Mark Brnovich may want Arizona to resume the execution of its death row inmates, but a spokesman for the attorney general said whether that occurs is up to the executive branch.
Spokesman Ryan Anderson said what steps the state takes to obtain drugs to be used for lethal injections, such as pentobarbital, is up to the Arizona Department of Corrections. More broadly, that means it’s up to the governor’s administration.
Arizona hasn’t executed anyone since 2014 due to the state’s inability to obtain the necessary drugs.
Anderson said that corrections officials have for years been represented by outside counsel in their unsuccessful bids to obtain or import drugs like sodium thiopental, a shipment of which was seized by the U.S. Food and Drug Administration while on its way to Arizona in 2015.
In a letter sent to Ducey on July 26, Brnovich made it clear that he’s willing to represent corrections officials and the Ducey administration if they choose to pursue the necessary drugs again.
“We stand ready to vigorously defend you and the Department of Corrections in this effort and urge you to act without delay,” Brnovich wrote to Ducey on Friday.
On Tuesday, the governor said his administration is still analyzing Brnovich’s request and the state’s options.
“We are reviewing the letter and the request, and we’re going to follow the law. There’s more to be done here,” Ducey said. “This announcement just came out from the attorney general and the [U.S.] Department of Justice. Attorney General Brnovich followed up with a letter, and we’ll act accordingly.”
Though Ducey reaffirmed his support of the death penalty – in 2018, Ducey said it was bound by oath to “uphold the law of Arizona” – the governor said Tuesday it’s also important that the state follow not just its own law, but all rules related to obtaining drugs for lethal injections.
“We’re going to follow the law in terms of the availability, sourcing, procurement – there’s details that need to be pursued,” Ducey said.
It’s not clear that obtaining a drug like pentobarbital will be so simple. While Brnovich inferred that the federal government would not have announced its resuming capital punishment if it didn’t have the necessary drug, federal public defender Dale Baich, whose office represents state prisoners on death row, said it’s A “pretty big assumption” for Brnovich to make.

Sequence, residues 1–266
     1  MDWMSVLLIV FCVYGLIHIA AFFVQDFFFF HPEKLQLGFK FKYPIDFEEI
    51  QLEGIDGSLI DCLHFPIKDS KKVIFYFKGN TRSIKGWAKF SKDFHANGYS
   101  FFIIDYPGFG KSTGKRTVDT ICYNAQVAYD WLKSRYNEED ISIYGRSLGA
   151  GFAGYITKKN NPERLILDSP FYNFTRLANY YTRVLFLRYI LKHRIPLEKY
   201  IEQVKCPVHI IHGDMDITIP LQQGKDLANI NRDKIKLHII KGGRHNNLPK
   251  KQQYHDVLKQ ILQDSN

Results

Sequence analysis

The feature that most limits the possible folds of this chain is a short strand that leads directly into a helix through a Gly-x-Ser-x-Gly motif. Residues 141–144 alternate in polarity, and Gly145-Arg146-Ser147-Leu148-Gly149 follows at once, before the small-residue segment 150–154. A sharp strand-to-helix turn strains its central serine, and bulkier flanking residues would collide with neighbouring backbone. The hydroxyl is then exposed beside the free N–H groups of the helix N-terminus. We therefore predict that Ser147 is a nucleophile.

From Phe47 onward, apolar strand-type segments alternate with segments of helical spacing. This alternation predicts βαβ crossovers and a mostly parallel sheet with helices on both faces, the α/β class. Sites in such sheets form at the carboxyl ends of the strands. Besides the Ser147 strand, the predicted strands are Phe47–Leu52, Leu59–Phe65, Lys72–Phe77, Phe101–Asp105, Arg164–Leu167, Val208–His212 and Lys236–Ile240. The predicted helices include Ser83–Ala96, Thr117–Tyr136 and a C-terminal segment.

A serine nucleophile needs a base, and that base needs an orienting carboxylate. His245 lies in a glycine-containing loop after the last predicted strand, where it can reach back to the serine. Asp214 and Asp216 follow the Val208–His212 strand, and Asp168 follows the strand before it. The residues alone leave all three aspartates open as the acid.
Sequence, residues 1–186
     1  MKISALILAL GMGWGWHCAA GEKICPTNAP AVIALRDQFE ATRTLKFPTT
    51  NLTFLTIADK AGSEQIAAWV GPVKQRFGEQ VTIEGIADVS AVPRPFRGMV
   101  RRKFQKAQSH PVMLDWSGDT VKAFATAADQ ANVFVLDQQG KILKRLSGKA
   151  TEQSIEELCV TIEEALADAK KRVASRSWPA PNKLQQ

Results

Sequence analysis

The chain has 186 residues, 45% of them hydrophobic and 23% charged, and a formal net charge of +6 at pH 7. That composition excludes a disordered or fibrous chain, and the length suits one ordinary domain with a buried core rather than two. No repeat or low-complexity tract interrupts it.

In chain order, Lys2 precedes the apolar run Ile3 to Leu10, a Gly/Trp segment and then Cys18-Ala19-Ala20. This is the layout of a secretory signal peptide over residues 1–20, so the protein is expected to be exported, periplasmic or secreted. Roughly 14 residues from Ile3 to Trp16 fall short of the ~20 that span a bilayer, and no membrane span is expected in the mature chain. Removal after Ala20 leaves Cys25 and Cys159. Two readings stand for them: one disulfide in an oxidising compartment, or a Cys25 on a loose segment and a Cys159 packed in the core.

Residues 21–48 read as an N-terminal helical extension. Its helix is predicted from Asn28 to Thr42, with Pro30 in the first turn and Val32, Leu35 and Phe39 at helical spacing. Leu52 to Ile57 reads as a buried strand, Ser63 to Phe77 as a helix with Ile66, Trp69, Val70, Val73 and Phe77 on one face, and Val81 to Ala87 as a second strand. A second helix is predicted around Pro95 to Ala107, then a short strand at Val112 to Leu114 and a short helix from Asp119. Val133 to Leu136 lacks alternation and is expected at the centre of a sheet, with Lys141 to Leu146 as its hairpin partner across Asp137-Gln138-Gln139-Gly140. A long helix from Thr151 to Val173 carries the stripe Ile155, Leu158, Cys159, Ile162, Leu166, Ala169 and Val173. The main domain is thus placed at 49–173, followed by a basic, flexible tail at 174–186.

Legitimate drug manufacturers, including sources in the United States, have placed restrictions on how drugs, such as pentobarbital, one of two drugs allowed for lethal injections in Arizona under the department’s protocol, are used.
“They all have prohibited the use of their life-saving drugs to execute people,” Baich said. If Arizona or the federal government seeks to obtain the drug, Baich said either one will be searching on the “gray or black markets or other suspect sources.”
That was the case in 2015, Baich said, when Arizona tried to import sodium thiopental from a manufacturer in India. The U.S. Food and Drug Administration seized the drug, along with a companion shipment to Texas. BuzzFeed News reported that Arizona ordered the drugs from Harris Pharma, which marketed the drug as its own (LINK).
The FDA discovered that Harris Pharma and its owner, Chris Harris, had no role in manufacturing sodium thiopental. It was, in fact, made by another company in India. BuzzFeed reported that the location Harris registered as the facility where the drug was manufactured was “actually a small rented office,” while his business address listed the apartment Harris once lived in.
Wherever Arizona attempts to obtain such drugs, Baich said it’s crucial that his clients – those inmates on death row – and the general public be made aware where and how they’re obtained.
“Regardless of where the state goes to purchase drugs for executions, the state needs to be transparent about the source of the drug and account for how it is spending public money,” Baich said. “Here, we want to make sure that if the state does get a drug to carry out an execution, that is a drug that will be safe and effective.”